A group of leading researchers, including 29 Nobel laureates, have launched a major initiative to use scientific partnerships to strengthen relationships between Western countries and nations in the Middle East and South Asia.
The Science Bridge, which details its goals in an article boasting 122 authors from 82 research centres in 22 countries, describes itself as “a global initiative that promotes international scientific collaboration between cultures and nations to facilitate innovation, invention and discovery to treat and cure human diseases”.
As a first step, the initiative will organise scientific conferences, research exchanges and shared grants to improve collaborations in life sciences, especially brain research.
Later, it hopes to establish “twin institutes” – complementary research centres, one located in a Western country, the other in the Middle East or South Asia, to strengthen links.
The article, “Building Bridges through Science”, is published in the journal Neuron.
Mazahir Hasan, Ikerbasque research professor at Spain’s Achucarro Basque Center for Neuroscience and founder of the initiative, said: “Scientists, as seekers of knowledge, are the ambassadors of humanity, and they can unite the world by harnessing the creative power of cultures and international collaborations to eradicate human diseases.”
Another of the authors, Torsten Wiesel, president emeritus of Rockefeller University and joint winner of the 1981 Nobel Prize in Physiology or Medicine, added: “Researchers from different cultures and nations in the ‘twin institutes’, an innovative concept proposed by the Science Bridge, could make important contributions both in science and in human relations.”
In the article, the authors explain that the central stress of the project will be on neuroscience, which they see as “a discipline optimally suited for reconnecting Western and Middle Eastern nations” because “the development of brain-related theories and practices has a long tradition in the Middle East”. Unlike many other places “where the mentally ill were ostracised”, they argue, “medieval Middle Eastern Judaism and Islam had a strong intellectual interest in the management of psychiatric disorders”. Even today, these cultures “possess a rich repertoire of customs and practices that promote healing of the mind through the body and vice versa”.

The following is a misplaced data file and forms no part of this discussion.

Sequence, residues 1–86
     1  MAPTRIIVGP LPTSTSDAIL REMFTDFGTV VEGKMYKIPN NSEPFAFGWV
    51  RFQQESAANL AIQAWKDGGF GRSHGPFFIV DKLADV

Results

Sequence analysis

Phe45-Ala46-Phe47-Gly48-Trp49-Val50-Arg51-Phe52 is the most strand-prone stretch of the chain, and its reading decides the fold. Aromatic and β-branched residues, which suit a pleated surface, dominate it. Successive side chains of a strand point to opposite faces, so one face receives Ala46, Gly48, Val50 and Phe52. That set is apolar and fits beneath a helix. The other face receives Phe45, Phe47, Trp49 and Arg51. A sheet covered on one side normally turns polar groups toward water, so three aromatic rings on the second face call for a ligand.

The authors also seek inspiration in “the first recorded efforts to bring together Eastern and Western sciences”, namely the ‘‘Golden Age’’ of Arab and Persian cultures (7th to 13th centuries), which they describe as a period “marked by an unprecedented embrace of liberalism, religious freedom, scepticism and freedom of speech”. This was an era that saw the establishment of the oldest university in the world, the University of Al Karaouine in Morocco, as well as advances in methodology such as an “emphasis on real-life experimentation over pure thought” and “the introduction of medical case-control studies”.
Building on these models, the authors hope that the Science Bridge can “create a new dimension of collaborative research focused on advancing basic and translational life science”.
Given that “the vast complexity of the nervous system” makes neuroscience “necessarily a highly multidisciplinary endeavour”, the paper suggests that it can only benefit from “long-term [international] dialogue and the fostering of diversity”.